The web sites that have additional information are:  Marina:  and South Pacific Games:

Ken-Ichi Horie – The Wind-Up and the Pitch

Japanese sailing icon Ken-Ichi Horie is back in the news — or will be soon — with yet another weird new boat he intends to sail across the Pacific. Longtime readers will recall Horie as the first Japanese sailor to sail solo from his homeland to San Francisco in 1962 aboard a 19-ft plywood sloop named Mermaid. He was 23 then. He is now 66 and still going strong. In the 45 years since that first voyage, Horie has recrossed the Pacific many times in many different types of craft ranging from a 9-foot sailboat to peddle and solar-powered boats to a 32-ft catamaran whose hulls were made of aluminum beer kegs welded together — the latter a nod both to his interest in recycling and his longtime sponsor Suntory breweries.

Suntory Mermaid II with the ‘landing gear’ deployed. The contraption
on the front provides forward power when the boat pitches up and down.

© Sherry Vann

Like an old time magician, Horie tries to top himself with each new project. Improbably, he continues to succeed. Proof positive is his latest boat, Suntory Mermaid II, which he hopes to voyage from Hawaii to Japan starting next summer. This 31-ft aluminum catamaran is powered by wave action — the pitching movement of the boat causes hydrofoils beneath the bows to generate thrust “like the tails of dolphins and whales”. The boat will also be fitted with an engine, mast and sails, but those will not be used in the crossing.

We’ll have more on the boat, the technology and Horie-San himself in future editions of ‘Lectronic Latitude and Latitude 38. In the meantime, check out this website for more on the boat and a layman’s summary of the technology:

Baja-Bound Boater Update

As in years past, berth availability is tight, tight, tight in San Diego at this time of year. With 177 boats signed up for the 14th annual Baja Ha-Ha cruisers rally (which begins October 29), and about 65 powerboats  registered for the inaugural Fubar Odyssey (which begins November 7), we would encourage southbound skippers to take advantage of the many excellent berthing opportunities en route to San Diego,

Two of the best choices are laying over at Two Harbors, on the northeast side of Catalina, where there are plenty of safe, secure moorings to be had at reasonable prices, and at Newport Beach, where well-protected overnight buoys are available for the incredible price of $5 a night. Other options are detailed (with contact info) in the downloadable PDF "Southbound Berthing" found at  As reported earlier, Baja Ha-Ha entrants can also berth free of charge in a special anchorage at San Diego’s Glorietta Bay – drop by the Shelter Island Police dock to get your special permit (619-686-6227).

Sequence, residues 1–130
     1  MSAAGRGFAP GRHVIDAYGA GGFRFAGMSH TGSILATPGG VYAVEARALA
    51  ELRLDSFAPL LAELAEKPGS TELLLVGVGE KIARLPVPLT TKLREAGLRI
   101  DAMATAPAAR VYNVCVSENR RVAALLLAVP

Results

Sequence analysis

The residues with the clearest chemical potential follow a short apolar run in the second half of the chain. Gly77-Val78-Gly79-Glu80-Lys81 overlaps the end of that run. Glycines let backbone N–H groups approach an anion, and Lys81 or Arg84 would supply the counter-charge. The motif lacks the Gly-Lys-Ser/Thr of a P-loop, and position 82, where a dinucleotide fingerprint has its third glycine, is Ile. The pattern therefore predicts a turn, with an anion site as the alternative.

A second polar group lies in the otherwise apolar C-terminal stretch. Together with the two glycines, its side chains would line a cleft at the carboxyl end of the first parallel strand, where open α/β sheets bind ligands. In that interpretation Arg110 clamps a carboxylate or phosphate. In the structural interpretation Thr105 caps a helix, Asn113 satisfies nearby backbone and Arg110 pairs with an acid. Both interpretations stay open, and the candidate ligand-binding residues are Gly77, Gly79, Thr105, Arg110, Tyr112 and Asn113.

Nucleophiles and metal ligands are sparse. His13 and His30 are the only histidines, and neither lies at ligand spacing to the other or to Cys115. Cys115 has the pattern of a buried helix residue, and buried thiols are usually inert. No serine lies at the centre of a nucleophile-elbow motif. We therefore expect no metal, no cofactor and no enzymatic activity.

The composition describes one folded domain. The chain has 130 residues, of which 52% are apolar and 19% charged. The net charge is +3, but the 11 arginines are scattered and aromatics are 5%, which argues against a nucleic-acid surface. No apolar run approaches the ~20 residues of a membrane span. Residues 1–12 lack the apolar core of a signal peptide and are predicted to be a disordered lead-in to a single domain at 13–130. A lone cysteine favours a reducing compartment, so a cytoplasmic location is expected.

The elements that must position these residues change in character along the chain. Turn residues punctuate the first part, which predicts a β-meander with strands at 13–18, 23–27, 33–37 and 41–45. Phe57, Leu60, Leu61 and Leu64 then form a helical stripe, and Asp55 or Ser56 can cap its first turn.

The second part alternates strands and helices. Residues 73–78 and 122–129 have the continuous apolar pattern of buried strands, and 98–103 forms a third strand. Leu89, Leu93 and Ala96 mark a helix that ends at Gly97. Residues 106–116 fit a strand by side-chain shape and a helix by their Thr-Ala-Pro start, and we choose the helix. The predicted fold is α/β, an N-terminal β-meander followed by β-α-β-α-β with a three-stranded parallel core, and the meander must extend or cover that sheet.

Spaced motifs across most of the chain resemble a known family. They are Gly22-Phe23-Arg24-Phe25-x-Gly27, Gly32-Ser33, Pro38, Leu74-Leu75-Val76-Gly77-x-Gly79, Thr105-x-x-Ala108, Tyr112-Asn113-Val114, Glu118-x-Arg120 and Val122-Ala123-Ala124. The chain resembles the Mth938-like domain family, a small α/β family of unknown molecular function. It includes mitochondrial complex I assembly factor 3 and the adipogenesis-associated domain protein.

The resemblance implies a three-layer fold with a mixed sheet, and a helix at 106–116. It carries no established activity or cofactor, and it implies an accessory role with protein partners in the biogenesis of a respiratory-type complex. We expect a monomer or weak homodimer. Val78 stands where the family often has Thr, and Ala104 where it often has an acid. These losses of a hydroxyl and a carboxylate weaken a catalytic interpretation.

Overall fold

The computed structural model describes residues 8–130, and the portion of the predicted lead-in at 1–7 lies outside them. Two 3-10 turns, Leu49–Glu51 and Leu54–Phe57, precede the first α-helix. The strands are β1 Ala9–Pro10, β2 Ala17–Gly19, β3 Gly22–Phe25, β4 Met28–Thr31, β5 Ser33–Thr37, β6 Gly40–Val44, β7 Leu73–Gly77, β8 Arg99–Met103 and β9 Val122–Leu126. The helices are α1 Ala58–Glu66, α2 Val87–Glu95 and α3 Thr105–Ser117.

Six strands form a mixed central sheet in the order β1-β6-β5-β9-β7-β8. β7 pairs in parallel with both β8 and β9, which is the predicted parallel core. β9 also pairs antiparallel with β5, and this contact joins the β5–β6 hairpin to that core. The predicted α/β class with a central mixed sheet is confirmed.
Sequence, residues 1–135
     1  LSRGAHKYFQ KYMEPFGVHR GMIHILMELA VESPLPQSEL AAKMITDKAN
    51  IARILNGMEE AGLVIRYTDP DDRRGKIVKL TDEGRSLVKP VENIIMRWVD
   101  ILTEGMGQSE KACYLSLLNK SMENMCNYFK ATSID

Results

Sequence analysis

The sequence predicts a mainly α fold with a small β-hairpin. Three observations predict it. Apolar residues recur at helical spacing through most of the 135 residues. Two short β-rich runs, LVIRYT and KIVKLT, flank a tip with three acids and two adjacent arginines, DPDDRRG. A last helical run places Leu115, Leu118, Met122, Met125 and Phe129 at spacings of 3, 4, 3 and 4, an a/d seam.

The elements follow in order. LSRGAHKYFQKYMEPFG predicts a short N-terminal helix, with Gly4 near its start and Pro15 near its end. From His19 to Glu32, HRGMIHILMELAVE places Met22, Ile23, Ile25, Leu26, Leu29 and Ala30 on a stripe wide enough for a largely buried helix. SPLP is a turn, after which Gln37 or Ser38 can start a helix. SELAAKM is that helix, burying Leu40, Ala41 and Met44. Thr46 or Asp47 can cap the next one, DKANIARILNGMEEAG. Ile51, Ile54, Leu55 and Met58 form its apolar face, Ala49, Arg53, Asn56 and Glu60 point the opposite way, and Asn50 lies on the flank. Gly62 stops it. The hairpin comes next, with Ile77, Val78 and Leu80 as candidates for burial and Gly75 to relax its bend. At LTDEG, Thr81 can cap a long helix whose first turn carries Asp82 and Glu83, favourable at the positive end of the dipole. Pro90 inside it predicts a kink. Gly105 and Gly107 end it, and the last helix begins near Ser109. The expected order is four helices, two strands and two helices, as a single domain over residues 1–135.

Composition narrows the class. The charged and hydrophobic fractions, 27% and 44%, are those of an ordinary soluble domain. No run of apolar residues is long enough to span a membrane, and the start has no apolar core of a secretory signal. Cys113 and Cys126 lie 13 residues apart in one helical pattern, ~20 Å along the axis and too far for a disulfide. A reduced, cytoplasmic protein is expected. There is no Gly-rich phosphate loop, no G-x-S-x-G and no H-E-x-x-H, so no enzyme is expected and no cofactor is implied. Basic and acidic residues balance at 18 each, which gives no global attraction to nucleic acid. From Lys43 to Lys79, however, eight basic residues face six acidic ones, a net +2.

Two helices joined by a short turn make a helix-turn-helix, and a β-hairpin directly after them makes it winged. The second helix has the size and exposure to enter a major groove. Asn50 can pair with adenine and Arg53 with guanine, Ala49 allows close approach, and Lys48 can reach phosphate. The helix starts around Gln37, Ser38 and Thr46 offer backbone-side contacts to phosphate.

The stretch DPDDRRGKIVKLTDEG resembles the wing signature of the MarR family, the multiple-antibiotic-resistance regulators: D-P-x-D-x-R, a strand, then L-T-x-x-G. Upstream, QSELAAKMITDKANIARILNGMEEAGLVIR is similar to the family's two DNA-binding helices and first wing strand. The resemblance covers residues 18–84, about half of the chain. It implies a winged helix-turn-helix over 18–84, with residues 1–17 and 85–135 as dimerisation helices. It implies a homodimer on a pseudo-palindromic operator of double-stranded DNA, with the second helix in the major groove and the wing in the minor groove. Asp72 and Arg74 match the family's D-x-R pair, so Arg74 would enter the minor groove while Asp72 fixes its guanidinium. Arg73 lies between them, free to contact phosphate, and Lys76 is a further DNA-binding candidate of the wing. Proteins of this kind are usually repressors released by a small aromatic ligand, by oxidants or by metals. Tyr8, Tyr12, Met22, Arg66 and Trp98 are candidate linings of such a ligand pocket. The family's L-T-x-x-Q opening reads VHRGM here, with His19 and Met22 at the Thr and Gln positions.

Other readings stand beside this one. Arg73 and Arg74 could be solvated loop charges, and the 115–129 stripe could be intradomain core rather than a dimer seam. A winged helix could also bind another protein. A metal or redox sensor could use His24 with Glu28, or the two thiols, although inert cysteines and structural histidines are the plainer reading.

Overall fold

During the fall, the mooring field at Two Harbors always has plenty of room for cruisers – especially during midweek.

©2007 Latitude 38 Media, LLC

Ha-Ha skippers should note also that Ha-Ha sponsor West Marine is generously offering free shuttle service to and from their store and other key cruiser locations such as consulates, marinas, anchorages and grocery stores. Beginning today, shuttles will operate from 9 a.m. to 6 p.m., seven days a week through Monday, October 29, the event’s starting date.

A final southbound cruiser note is that the popular Baja Net has changed its SSB frequency to 7259 LSB, running daily at 0800 PST.

Pirates were warned that no misbehavior would be permitted. latitude/Richard
©2007 Latitude 38 Media, LLC It was a Bucaneer’s Day Weekend unlike any other at Catalina last Friday, Saturday and Sunday.
Jennifer Deleon was sentenced on Friday to two consecutive life sentences without the possibility of parole for her part in the murder of cruisers Tom and Jackie Hawks.
Garth Wilcox and Wendy Hinman of the Port Ludlow, WA-based Wylie 31 Velella completed a cold 49-day passage from Yokohama to Vancouver Island in early September.